“Broken shit” can mean different things to different companies. It might be people churning or a lack of customer satisfaction. There are a lot of variants of when this translates into SaaS.

Why Support Tickets Matter

So what does this have to do with support tickets?

I’ll extend the analogy of the car assembly line to explain:

What the product team does when there is no GTM process is effectively build cars that come off the production line that are missing doors, windows, and wheels. They don’t meet the functional requirements of the customer. When people use your solution and it doesn’t meet their requirements, they submit support tickets. The tickets are a signal that things are broken or confusing.

If you haven’t already, you should read The Machine That Changed The World that describes how Toyota redesigned the manufacturing processes of American car companies back in the 1950s. It does a better job of explaining this than I ever could, but I’ll summarize here.

The American manufacturers had very poor mechanisms for evaluating the production process along their assembly line. What resulted was a lot of cars needing “rework” after they ended up in the lot at the end of the line. This rework was handled by people going around and identifying issues, making a ticket, and then having people fix them before shipping the cars off to dealerships.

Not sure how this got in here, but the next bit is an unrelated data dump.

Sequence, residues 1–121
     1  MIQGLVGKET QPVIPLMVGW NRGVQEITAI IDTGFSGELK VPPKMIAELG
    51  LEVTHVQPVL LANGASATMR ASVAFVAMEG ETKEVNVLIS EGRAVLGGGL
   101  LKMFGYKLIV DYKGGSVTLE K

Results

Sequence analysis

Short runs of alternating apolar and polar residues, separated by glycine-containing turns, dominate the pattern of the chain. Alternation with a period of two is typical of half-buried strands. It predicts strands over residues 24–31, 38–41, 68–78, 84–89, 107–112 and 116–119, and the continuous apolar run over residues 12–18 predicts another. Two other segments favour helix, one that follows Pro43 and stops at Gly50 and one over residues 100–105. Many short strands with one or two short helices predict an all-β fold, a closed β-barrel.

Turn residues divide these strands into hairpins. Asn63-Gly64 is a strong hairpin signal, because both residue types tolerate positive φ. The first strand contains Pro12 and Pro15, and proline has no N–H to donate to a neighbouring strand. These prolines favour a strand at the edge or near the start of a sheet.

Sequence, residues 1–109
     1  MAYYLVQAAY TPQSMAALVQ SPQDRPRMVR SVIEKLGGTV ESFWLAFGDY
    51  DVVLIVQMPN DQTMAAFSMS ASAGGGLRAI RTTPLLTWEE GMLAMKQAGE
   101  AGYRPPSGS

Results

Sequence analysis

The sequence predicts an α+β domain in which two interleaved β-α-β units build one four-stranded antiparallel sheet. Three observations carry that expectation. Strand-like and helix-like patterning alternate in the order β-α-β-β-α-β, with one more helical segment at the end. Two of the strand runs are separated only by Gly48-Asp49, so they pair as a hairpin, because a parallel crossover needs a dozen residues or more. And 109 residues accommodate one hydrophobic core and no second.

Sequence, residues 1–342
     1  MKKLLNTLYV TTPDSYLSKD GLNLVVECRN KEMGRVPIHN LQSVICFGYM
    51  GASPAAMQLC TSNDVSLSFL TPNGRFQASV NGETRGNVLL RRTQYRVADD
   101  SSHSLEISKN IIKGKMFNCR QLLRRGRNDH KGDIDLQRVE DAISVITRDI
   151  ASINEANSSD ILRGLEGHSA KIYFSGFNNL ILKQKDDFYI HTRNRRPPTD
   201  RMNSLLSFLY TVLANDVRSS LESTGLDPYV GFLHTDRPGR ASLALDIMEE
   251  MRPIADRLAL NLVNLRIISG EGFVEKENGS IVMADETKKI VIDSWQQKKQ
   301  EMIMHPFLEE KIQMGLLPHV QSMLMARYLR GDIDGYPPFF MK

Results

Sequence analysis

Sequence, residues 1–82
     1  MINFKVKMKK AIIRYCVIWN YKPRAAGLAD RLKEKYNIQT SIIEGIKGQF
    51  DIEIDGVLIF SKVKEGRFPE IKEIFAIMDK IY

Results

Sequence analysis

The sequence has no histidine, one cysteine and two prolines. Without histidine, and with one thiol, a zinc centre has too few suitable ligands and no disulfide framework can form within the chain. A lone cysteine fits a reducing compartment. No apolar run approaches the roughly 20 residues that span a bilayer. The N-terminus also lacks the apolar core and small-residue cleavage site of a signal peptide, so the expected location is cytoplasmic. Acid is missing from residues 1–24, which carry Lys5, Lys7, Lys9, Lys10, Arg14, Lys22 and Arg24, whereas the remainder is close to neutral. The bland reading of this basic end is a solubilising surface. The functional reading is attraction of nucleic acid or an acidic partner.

What the Toyota folks did was analyze the entire process and look for places where changes would eliminate rework. The question was: How do we change the process so that it results in fewer downstream mistakes.

Customer Education seeks to do this same thing. It is a magic wrench you can apply to different phases of production to increase customer satisfaction and reduce bad things like churn.

And one of the simplest ways of measuring what you’re doing is by watching what changes do to the support ticket type and volume.

What might come as some surprise is that many software companies don’t measure support tickets with this intention, and so they literally don’t know they are shipping broken shit.